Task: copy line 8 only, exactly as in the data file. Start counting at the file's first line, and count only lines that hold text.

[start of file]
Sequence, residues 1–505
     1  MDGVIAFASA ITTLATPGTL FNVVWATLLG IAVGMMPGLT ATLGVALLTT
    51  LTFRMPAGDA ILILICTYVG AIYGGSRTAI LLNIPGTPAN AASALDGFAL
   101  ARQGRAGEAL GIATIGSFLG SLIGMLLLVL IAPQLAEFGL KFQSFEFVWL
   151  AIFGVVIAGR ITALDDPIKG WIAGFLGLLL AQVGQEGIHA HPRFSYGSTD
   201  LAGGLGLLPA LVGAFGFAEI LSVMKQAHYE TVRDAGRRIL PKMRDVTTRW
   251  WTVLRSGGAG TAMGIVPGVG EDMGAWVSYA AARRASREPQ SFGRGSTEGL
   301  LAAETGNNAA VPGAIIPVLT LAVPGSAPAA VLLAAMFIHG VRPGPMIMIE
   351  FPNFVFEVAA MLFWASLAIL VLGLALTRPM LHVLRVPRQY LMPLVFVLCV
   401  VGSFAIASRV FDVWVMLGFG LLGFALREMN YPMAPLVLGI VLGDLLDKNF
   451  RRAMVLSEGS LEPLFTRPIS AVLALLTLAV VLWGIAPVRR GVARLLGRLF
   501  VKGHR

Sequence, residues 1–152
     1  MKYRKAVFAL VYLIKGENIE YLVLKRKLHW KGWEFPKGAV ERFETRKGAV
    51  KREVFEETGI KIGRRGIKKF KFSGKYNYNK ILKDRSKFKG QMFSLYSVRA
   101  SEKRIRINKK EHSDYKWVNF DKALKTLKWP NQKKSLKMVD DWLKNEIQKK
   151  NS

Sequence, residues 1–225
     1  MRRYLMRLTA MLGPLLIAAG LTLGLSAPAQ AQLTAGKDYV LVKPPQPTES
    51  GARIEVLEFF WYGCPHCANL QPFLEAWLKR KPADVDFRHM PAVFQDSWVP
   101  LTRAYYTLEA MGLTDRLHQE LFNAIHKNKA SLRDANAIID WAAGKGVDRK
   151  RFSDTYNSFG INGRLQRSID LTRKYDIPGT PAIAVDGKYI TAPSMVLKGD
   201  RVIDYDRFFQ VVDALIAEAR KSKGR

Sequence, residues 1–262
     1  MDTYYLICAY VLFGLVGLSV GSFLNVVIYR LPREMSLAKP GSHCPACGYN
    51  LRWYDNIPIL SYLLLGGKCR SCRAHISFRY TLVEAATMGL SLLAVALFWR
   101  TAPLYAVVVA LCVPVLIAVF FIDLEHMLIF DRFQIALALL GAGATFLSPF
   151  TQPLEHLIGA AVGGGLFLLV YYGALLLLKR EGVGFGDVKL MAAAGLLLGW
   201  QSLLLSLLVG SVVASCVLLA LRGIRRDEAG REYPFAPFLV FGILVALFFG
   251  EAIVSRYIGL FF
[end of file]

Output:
   301  LAAETGNNAA VPGAIIPVLT LAVPGSAPAA VLLAAMFIHG VRPGPMIMIE